Sexual Offences (Sentencing)

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General Principles

Youthful and Child Victims

See also: Victims as a Factor in Sentencing

Seriousness of Sexual Offences Against Young Victims

It is suggested that "force is inherent in all sexual assaults on children".[1]

Many courts have expressed society's concern for crimes, including sexual offences, against children.[2]

A predatory sexual offence are those class of sexual offences where the offender uses the imbalance of power between himself and a victim, usually children, to satisfy sexual needs by way of a criminal offence.

Absent exceptional circumstances, denunciation, general and specific deterrence, and the need to separate offenders from society, take precedence over all other objectives of sentencing.[3]

Children are recognized as one of the "most valued and most vulnerable assets." They are generally incapable of defending themselves and so are easily targeted.[4] It is for this reason that courts must focus on protecting children.[5]

Children are vulnerable as they cannot protect themselves.[6]

A child is inherently vulnerable. Accordingly, they can be coerced without threats ever being articulated.[7]

Primary objectives
Section 718.01 directs courts to give primacy to denunciation and deterrence for offences that involve "the abuse of a person under the age of 18 years". [8] Nevertheless, rehabilitative factors must still be considered.[9] This section simply codifies already existing principles.[10]

Denunciation and deterrence have the highest priority in sentencing for offences involving the abuse of children.[11]

The principles of restraint and rehabilitation are still a factor but are secondary for offences involving young victims.[12]

Aggravating Factors
Section 718.2(a)(ii.1) creates an aggravating factor circumstances where there is " evidence that the offender, in committing the offence, abused a person under the age of eighteen years".[13]

Any offence where children are the target, should be treated as an aggravating factor to sentence. This is especially so where the perpetrator is a family member.[14]

  1. R v CT, 2008 NLTD 112 (CanLII) at para 36
  2. see R v Springer, (1988) 88 N.B.R.(2d) 177 (NBCA)
    R v DC and M.G., 2009 NBCA 59 (CanLII)
  3. R v DD (2002), 163 CCC (3d) 471, 2002 CanLII 44915 (ON CA), at paras 33 to 45 per Moldaver JA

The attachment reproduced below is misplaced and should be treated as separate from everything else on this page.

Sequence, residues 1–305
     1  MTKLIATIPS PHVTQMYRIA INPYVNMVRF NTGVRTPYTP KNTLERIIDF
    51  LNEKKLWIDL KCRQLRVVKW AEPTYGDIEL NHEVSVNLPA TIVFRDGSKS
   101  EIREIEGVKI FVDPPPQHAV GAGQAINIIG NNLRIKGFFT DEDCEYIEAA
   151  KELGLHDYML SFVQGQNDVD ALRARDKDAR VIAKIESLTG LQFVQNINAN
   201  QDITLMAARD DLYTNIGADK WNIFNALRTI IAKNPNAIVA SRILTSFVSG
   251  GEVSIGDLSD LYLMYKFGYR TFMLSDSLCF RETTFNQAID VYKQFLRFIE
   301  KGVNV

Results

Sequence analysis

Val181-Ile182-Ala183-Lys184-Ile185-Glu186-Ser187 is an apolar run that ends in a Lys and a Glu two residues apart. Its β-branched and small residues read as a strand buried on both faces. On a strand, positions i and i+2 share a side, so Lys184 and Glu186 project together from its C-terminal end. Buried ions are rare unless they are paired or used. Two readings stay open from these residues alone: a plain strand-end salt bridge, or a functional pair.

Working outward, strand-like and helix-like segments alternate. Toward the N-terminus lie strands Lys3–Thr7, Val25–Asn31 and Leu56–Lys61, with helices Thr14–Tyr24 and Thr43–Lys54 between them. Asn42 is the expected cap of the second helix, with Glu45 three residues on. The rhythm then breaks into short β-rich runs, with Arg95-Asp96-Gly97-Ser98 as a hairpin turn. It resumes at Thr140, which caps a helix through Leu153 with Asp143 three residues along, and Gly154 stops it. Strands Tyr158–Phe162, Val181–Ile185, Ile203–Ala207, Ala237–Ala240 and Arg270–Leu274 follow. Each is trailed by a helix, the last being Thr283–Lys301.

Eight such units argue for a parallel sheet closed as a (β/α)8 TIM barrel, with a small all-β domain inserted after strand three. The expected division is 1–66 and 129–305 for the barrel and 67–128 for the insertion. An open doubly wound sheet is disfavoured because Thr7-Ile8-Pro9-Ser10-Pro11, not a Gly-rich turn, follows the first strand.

R v Woodward, 2011 ONCA 610 (CanLII) at paras 75 to 77 per Moldaver JA
  4. DD, supra at para 35
  5. R v Nisbet, 2011 ONCA 26 (CanLII) (Child pornography is "an abhorrent crime that victimizes the most vulnerable members of our society and hence the need for sentences to reflect denunciation and deterrence.")
  6. R v D.V.B., 2010 ONCA 291 (CanLII), (2007), 215 CCC (3d) 505 at para 81 ("Children cannot protect themselves. They are generally vulnerable and helpless. When it comes to their safety, we must be vigilant")
  7. R v Taylor, 1995 CanLII 10546 (NL SCTD), (1995), 134 Nfld. & P.E.I.R. 181 (Nfld. T.D.) at para 8 (" the courts have recognized that in a situation involving an adult, particularly where the adult is in a position of trust, the child is in an inherently vulnerable position and threats do not have to be articulated for the child to feel coercion")
  8. NB: this section came into force by 2005, c. 32, s. 24.
  9. R v Michel, 2005 NWTSC 94 (CanLII) at para 63
    See s. 718.01
  10. R v G.J.O., 2006 NLTD 90 (CanLII), at para 26 ("As to general deterrence, s. 718.01, a recent amendment to the Criminal Code, codifies the existing sentencing law in mandating that in sentencing for offences, such as these, which involved the abuse of persons under 18 years of age, primary consideration is to be given to the objectives of denunciation and deterrence.")
    R v Cazon, 2006 NWTTC 11 (CanLII) at para 26
  11. R v Oliver, 2007 NSCA 15 (CanLII), (2007), 250 N.S.R. (2d) 296 (C.A.), at para 20 (“highest ranking among all of the principles of sentencing in cases involving the abuse of children. Parliament's intention is clearly stated.”)